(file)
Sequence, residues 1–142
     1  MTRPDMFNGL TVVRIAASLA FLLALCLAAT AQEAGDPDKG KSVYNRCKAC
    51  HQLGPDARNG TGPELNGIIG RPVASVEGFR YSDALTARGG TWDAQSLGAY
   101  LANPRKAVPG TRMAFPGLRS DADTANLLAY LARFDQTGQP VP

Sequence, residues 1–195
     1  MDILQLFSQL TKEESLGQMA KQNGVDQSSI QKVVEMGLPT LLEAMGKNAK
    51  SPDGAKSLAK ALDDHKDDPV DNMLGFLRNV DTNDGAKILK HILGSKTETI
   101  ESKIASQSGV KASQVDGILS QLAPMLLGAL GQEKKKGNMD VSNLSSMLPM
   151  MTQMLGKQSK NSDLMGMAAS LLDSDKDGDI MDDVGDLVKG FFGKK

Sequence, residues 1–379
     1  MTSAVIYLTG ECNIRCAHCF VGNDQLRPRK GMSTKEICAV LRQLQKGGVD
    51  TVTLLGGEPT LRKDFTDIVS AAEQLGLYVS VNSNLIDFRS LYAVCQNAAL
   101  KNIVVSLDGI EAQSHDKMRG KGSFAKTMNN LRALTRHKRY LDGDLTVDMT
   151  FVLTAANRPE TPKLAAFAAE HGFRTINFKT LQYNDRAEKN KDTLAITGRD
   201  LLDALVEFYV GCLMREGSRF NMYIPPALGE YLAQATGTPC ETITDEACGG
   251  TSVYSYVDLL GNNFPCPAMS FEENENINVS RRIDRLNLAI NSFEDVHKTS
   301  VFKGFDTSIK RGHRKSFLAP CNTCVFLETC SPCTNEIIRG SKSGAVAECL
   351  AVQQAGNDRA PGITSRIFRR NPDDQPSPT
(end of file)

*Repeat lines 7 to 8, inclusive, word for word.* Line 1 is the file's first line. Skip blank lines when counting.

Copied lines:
    51  SPDGAKSLAK ALDDHKDDPV DNMLGFLRNV DTNDGAKILK HILGSKTETI
   101  ESKIASQSGV KASQVDGILS QLAPMLLGAL GQEKKKGNMD VSNLSSMLPM